At the end of the ward where the droid and doctor had come from, a man stood, watching. He wore a dark overcoat and suit with an old-fashioned hat, such that even in the bright light of the nurses’ desk area, he still looked shaded. He glanced down at something he was holding in his hand; a palm-sized device with a readout display. He raised one eyebrow. The doctor and nurse-droid quietly left the ward. When the man saw them returning in his direction, he coolly retreated and sat in the waiting area.
The doctor walked up to him.
‘You got here fast,’ she said disapprovingly, ‘He isn’t ready to see you today, you’ll have to wait until tomorrow.’ The man remained silent. ‘You can wait here if you want,’ Dr. Nustom continued, ‘but if you step into that ward, I’ll have you arrested.’
The man smiled. He liked this doctor. She probably knew how hard it would be to get him arrested. Her protectiveness of Adam was…comforting. He put up both hands in a placating gesture of surrender, then back down again, still smiling. The doctor left the waiting area, instructing the men in the security room to keep an eye out for Adam, and especially, on the man.
The dark man stayed there, looking at his little sensor machine, making notes on the touch pad. After half an hour, a red light began to flash at the top of the machine. The man raised both his eyebrows, and glanced towards Adam. He took some further readings, smiled, and nodded to himself.
‘Fascinating,’ said the man, so quietly that no one else could hear him, ‘How extraordinarily fascinating.’

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Friday, 3 March 2017

Indiana Belle, by John A. Heldt - 4.5 Stars

This isn’t directly relevant but as no one’s reading it anyway I’ll push a few more keys and fill up the page to amuse myself. On my way back from the hairdresser in Winchester, which I now realise is in the pay of my enemies, I was on a bus with this hanging stirrup thing repeatedly knocking the side of my head (we aim to improve your customer experience, tap, tap, tap, ow), disembarked and was on the way home with a metaphorical paper bag over my head and wondering where I might borrow one of those sheep-shearing buzzy devices when, perfect timing, Simon popped out. The news of the moment turned out to be that Simon, who wears a blue jacket at all times and stoops when there’s nothing to pick up, has invented a revolutionary musical instrument called The Simonica, or possibly Simoniker. As the poor, misguided, bless lamb thinks I have a way with words, I was asked to inspect the object and say something to encapsulate it. I blame this on my frame of mind but the line I replied to him with was: “It makes a terrible whining noise but you get used to it”. This morning I’ve received an email to say he’s ordered and paid for leaflets with that printed on. It’s a funny world.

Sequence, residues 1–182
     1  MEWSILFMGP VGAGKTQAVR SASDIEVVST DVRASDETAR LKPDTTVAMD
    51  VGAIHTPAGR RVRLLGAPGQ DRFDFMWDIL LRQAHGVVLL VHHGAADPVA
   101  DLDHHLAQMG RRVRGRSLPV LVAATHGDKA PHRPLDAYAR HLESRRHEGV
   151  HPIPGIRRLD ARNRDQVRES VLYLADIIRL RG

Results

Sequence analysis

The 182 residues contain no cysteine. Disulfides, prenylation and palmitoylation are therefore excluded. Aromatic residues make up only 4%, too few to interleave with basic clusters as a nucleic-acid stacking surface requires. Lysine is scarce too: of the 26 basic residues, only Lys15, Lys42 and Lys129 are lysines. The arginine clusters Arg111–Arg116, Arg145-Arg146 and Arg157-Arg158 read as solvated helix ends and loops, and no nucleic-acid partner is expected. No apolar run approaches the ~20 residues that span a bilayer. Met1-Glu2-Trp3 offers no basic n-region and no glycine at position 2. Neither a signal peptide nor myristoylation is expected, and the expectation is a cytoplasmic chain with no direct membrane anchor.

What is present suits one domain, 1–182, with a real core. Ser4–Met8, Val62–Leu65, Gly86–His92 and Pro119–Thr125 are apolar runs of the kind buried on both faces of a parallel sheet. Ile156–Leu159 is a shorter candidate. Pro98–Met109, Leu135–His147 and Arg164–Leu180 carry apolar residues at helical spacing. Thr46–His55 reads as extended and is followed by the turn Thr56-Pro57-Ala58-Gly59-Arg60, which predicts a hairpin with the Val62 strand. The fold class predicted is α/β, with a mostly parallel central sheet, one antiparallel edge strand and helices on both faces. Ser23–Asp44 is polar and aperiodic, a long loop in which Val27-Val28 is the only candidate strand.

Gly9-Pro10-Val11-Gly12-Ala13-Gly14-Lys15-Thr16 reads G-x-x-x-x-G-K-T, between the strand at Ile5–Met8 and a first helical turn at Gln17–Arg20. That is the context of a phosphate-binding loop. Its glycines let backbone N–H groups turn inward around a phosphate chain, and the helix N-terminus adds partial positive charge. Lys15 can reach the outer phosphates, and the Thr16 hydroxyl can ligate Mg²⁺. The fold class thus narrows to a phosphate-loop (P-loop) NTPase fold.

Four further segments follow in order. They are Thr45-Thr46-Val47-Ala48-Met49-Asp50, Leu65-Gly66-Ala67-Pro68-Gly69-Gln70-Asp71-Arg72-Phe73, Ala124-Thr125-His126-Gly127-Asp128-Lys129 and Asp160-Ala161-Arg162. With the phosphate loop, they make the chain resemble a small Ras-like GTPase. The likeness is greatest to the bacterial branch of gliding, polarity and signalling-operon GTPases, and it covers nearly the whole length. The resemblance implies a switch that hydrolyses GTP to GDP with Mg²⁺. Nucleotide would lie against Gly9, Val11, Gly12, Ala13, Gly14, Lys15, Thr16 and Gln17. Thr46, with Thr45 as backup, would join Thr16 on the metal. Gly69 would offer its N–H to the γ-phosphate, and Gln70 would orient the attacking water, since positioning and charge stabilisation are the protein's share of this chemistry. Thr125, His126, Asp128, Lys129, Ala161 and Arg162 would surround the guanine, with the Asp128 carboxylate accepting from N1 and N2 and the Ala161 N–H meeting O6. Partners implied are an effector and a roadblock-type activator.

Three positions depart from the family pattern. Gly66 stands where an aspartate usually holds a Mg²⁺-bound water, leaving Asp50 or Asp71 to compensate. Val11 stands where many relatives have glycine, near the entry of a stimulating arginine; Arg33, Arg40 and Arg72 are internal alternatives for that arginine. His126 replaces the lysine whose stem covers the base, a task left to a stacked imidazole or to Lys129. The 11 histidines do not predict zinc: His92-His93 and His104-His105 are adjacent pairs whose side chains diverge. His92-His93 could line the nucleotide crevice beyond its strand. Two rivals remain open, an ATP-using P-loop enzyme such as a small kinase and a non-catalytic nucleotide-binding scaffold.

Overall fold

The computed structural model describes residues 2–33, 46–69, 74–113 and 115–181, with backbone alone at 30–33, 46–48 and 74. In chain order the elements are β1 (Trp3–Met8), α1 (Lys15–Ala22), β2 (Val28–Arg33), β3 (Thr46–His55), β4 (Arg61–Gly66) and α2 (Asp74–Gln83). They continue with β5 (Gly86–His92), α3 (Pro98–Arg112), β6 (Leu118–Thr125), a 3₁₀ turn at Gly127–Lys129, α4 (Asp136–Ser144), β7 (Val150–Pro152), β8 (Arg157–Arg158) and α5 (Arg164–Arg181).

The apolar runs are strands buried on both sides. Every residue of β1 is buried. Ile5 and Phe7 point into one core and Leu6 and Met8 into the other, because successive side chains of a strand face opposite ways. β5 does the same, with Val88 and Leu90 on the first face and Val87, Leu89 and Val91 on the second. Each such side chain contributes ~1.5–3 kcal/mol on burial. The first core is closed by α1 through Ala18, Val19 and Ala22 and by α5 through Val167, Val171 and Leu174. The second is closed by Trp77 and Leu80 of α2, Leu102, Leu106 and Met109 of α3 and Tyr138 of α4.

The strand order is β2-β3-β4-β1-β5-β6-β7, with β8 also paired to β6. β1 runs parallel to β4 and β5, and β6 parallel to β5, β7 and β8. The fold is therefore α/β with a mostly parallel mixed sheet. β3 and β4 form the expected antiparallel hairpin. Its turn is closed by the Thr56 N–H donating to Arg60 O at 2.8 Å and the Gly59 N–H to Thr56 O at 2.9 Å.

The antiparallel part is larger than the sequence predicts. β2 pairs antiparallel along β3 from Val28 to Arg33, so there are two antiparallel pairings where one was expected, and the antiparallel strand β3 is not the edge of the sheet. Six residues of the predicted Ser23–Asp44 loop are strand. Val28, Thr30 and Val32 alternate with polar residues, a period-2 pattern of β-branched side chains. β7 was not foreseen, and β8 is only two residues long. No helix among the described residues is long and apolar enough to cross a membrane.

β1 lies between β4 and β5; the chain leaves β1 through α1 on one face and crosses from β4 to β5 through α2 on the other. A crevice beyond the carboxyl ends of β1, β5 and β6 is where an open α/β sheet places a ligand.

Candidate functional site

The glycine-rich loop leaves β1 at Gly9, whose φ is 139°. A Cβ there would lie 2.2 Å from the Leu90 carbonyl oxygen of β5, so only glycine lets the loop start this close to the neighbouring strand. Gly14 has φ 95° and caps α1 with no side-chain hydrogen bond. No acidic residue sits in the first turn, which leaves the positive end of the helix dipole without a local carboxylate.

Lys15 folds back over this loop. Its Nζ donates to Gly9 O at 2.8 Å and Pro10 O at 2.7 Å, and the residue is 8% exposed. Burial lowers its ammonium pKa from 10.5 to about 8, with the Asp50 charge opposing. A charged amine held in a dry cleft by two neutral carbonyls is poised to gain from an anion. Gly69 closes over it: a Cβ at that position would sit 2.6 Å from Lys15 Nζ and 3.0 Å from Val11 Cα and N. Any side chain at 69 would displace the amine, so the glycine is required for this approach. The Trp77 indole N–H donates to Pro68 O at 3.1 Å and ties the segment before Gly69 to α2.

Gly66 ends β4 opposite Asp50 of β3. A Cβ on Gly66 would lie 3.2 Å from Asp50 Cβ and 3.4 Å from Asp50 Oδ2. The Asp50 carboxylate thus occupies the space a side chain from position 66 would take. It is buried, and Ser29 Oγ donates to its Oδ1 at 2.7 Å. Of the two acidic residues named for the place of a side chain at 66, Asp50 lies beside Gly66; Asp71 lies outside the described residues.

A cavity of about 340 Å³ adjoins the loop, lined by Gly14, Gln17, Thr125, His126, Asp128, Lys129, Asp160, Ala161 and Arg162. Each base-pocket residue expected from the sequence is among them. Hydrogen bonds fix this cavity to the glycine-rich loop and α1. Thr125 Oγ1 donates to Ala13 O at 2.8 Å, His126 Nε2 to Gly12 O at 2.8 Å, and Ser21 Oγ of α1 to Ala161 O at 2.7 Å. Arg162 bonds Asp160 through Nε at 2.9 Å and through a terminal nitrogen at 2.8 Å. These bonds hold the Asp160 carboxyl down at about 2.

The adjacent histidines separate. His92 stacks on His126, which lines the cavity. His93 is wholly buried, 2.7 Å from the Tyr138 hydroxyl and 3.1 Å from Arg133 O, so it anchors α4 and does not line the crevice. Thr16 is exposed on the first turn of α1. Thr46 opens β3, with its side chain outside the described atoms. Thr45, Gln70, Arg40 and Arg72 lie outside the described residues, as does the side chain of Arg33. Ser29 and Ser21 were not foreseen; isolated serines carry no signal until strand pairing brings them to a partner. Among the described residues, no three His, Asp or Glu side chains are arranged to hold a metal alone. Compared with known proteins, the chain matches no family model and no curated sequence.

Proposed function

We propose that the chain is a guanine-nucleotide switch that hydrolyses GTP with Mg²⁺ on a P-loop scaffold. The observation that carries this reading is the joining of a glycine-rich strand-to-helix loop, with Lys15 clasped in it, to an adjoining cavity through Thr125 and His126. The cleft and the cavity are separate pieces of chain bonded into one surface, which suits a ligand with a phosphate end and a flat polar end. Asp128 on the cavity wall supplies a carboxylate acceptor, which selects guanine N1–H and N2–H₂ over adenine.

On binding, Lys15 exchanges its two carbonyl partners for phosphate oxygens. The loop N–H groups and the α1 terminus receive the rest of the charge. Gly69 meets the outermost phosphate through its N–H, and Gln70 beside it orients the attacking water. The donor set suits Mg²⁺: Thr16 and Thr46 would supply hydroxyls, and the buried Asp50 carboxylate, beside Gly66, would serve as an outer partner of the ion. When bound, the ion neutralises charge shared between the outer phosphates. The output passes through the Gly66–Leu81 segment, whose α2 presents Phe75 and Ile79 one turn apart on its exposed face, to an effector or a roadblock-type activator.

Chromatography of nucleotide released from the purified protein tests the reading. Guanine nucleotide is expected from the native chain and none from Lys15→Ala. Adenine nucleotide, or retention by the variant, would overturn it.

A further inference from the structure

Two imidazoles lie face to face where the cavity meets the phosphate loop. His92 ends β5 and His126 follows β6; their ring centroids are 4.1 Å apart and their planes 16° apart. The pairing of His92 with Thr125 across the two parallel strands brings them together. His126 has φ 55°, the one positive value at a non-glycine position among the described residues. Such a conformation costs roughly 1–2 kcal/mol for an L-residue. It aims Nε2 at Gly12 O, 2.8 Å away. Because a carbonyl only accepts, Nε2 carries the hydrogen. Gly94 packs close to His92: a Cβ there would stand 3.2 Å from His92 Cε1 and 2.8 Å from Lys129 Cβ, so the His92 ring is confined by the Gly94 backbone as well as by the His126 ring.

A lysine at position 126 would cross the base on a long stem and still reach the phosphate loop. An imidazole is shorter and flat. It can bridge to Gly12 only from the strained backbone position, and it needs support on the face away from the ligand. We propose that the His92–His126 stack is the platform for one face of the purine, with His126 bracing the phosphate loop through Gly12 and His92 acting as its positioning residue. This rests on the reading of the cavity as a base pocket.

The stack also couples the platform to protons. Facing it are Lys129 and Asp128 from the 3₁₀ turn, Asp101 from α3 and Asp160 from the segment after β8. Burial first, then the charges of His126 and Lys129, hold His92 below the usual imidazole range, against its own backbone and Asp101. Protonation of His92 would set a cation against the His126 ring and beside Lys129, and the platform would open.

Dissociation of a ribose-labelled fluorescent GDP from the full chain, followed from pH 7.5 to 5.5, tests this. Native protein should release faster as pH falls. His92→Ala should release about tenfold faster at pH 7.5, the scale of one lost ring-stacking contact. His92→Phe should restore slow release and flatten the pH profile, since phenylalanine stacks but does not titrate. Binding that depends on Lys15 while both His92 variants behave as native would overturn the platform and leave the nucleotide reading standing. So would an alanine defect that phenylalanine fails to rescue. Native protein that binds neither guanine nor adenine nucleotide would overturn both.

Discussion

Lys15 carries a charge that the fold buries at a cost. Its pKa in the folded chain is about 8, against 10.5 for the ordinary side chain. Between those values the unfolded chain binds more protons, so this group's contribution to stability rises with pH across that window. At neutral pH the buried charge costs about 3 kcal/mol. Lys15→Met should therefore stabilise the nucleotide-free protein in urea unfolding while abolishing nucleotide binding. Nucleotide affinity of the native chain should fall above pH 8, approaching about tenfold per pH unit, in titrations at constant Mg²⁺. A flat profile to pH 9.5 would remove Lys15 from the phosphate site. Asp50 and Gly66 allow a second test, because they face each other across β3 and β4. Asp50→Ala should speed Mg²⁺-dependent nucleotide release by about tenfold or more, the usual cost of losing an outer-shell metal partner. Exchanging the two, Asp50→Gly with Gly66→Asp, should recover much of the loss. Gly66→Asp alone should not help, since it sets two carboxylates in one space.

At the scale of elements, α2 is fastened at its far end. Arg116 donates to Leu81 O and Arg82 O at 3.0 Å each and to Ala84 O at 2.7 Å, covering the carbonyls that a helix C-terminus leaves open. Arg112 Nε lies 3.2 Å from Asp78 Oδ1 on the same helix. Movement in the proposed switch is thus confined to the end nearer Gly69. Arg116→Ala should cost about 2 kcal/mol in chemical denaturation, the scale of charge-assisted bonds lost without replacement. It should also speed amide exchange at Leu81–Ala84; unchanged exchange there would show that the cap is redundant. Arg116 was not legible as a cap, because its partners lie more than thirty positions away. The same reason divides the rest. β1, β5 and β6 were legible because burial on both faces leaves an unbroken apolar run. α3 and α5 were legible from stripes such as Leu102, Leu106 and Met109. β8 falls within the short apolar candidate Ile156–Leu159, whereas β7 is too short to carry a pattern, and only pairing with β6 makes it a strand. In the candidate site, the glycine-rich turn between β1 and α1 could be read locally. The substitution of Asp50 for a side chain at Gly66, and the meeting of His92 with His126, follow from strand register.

You probably don’t see any relevance in all this but, from what I’ve read, the ethos of the mid-1920s had something of the Simonica about it. It was an age of invention with ideas both crazy (check out the planes) and pioneering (food in cans, modular factory production and quality assurance), where a society of strict formality suddenly relaxed and federal agents didn’t, trying to enforce unmanageable laws like prohibition on a population of party-goers who drank bath-tub spirits out of kettles in speakeasies. The Mob was in town, problems with integration and bigotry reared and spat, hats were worn, Josephine Whatsit paraded her bananas, Lindbergh set records on wings and flappers never got tired of doing the Charleston. One of my all time favourite films hails from this era and if I can’t drop in a quote from that, I’ll scream: “Leonard Zelig backed his car over my grandmother’s ankle. She is old and uses her ankle A LOT.”

This is a time travel story, in a loose sense because time travel is just a means to explore this very interesting era in human history. In order to power and extend the range of an existing home-made time machine, a single man with hours very much on his hands is sent off to the past to loot a bag full of the good old raw materials. Glowing crystals, flashing lights and puckered reality zero in, it’s hero out and then a modern man is striding out into the 1920s and blinking into the light of a younger sun. I didn’t quite follow how they could be so specific about the temporal arrival point but, just like life, not everything gets explained to you while you’re twiddling the knobs. It just happens and then you get on with it. He gets on with it.

This is also a love story because the time traveler hasn’t just gone back for the magic disco-crystals, no-Sir-E. She’s a reporter, a sassy modernist and she’s a torch bearer for civil rights and emancipation. By our standards, she’s normal, so of course they’ve got it in for her, the antagonistic wierdo. How would you feel though if you spied on a Ku Klux Klan gathering and recognised the voices of people living around you, running local businesses or who’ve been inviting you around socially? Do you get out of the decade with hot feet or do you stay and try to do something about it? Bravery comes into this story too. Then there’s nostalgia, with the cars, the sporting events and the first edition of The Great Gatsby. Fortunes were there to be made, then lost, in the last few years before the stock market crash and a generational-scale war. The time traveler knows what’s coming in this respect but still has no doubt about his choice of which period to settle down in, no concern at all that he might be heading for death on a beach in France.